Archaeologists in Šamorín found the remains of an ossuary from the 12th and 13th century near a Romanesque church under a meter of soil.
The ossuary was dedicated to Saint Mikuláš (Nicholas) at the time of origin, according to archaeologist Peter Nagy from the Archaeological museum in Bratislava.
An ossuary is a space, anywhere from a box to a room, in which bones from older graves were put to make room in a full cemetery. The ossuary was located below ground; above ground was a requiem chapel. The diameter of the circle-shaped construction was six to seven metres.
“We are only at the beginning, we don’t know how deep we will need to dig,” said Peter Nagy for the TASR newswire.
The basement of the building was made from stone; what was originally above ground was made from brick called “plevovka”, that included chaff. According to the building materials, the ossuary was built between the 12th and 13th century.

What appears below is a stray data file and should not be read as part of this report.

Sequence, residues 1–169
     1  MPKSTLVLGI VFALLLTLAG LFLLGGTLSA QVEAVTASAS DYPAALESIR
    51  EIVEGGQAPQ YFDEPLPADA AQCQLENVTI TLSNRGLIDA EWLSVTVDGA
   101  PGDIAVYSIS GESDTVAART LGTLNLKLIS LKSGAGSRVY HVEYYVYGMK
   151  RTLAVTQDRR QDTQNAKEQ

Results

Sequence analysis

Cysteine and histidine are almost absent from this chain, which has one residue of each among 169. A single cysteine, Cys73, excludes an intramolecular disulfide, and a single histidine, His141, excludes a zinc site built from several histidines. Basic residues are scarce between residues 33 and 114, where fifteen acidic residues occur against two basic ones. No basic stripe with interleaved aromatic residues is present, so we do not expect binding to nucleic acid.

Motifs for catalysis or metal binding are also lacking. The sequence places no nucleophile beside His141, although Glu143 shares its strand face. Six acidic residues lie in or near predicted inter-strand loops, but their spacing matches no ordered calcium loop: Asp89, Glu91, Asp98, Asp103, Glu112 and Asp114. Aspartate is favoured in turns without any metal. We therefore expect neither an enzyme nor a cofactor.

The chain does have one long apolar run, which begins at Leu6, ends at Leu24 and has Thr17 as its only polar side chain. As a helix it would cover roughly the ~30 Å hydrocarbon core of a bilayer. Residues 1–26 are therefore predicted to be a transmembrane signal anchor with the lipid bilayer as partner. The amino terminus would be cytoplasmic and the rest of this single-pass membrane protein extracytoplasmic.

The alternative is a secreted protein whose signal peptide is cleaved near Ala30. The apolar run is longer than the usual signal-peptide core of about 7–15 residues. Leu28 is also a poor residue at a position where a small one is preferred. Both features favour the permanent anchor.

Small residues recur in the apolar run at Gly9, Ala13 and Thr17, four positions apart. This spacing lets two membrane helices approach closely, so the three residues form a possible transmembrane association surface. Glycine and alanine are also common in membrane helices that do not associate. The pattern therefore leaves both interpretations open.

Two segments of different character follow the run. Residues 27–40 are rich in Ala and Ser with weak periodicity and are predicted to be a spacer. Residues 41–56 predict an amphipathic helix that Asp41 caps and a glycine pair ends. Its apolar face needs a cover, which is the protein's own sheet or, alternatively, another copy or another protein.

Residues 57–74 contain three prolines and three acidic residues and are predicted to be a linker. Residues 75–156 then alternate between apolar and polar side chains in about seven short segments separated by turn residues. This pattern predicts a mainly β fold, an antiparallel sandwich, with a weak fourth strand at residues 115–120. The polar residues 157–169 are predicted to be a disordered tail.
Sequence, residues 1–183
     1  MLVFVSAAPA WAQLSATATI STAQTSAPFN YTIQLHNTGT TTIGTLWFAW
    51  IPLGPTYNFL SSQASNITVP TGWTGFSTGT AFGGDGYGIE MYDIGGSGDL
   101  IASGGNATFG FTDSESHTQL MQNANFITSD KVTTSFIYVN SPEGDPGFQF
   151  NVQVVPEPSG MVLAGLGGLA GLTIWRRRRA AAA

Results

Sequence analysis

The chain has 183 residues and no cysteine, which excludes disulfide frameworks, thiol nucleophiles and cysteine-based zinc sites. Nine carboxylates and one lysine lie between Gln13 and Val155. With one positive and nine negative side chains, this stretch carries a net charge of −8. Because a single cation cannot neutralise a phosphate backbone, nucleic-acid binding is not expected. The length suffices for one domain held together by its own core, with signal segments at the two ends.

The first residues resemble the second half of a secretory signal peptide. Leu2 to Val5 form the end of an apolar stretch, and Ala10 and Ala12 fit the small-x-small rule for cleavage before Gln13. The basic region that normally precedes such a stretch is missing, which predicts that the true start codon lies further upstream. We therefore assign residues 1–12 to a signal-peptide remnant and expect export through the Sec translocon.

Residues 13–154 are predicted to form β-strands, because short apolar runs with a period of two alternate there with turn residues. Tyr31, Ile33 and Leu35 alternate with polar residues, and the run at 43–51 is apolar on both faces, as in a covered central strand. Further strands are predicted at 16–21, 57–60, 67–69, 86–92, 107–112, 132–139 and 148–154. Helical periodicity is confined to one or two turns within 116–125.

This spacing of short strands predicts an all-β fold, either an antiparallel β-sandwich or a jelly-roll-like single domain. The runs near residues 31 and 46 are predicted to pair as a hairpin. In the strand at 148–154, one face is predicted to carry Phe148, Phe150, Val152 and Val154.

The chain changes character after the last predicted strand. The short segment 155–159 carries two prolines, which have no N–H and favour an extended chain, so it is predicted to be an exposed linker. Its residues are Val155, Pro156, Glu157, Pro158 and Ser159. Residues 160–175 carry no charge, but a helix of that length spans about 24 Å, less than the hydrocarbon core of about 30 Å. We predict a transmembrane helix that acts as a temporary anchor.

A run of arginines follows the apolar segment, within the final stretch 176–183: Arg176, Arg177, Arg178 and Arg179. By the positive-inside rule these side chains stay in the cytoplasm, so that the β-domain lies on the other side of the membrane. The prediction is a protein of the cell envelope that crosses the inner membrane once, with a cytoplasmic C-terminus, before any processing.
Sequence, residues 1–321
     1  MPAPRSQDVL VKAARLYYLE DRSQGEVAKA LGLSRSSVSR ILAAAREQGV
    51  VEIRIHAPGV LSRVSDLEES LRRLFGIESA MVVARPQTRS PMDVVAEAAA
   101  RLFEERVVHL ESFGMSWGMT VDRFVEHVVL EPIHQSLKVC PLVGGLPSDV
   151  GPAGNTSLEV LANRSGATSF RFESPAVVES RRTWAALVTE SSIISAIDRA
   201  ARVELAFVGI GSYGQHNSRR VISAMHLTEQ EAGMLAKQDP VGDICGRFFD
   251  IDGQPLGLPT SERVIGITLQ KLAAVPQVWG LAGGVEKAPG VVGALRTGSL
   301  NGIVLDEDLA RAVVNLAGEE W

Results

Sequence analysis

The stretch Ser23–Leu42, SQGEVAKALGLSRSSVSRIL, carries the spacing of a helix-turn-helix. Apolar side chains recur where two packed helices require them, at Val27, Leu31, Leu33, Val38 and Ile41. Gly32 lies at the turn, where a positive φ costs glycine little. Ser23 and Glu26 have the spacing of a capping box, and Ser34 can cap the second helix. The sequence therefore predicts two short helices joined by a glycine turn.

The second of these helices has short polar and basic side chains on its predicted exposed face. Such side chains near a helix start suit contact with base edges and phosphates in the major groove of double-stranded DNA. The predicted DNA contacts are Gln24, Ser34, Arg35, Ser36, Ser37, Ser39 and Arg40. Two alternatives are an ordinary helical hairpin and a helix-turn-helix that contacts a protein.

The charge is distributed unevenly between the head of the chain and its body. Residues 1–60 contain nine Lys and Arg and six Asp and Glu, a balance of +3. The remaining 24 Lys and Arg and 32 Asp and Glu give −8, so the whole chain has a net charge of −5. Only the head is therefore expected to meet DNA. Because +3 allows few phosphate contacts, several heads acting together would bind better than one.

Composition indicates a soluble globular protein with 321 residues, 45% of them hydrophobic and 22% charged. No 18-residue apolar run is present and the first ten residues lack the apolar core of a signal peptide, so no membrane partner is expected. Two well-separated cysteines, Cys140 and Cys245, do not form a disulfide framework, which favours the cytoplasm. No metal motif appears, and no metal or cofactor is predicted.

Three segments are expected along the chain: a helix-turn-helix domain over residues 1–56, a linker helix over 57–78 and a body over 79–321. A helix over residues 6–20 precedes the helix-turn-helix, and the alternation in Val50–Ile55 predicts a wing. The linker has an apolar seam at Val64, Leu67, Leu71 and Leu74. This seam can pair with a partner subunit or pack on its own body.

“Within Slovakia, it is a discovery of important cultural and historic value,” said Peter Grznár, archaeologist of the Regional Monument Institute in Trnava, as quoted by TASR.
Similar constructions are in the area of Bratislava, Trnava, Banská Štiavnica and Kremnica. Since ossuaries were only in towns of significance, the discovery shows the importance of Šamorín within the former Hungarian monarchy.
The Romanesque church in Šamorín is considered to be the most precious historical monument in the town together with preserved middle-age decorations and several middle-age constructions. According to research, it is one of the oldest constructions on the river island Žitný ostrov.
11. Jun 2018 at 9:20 | Compiled by Spectator staff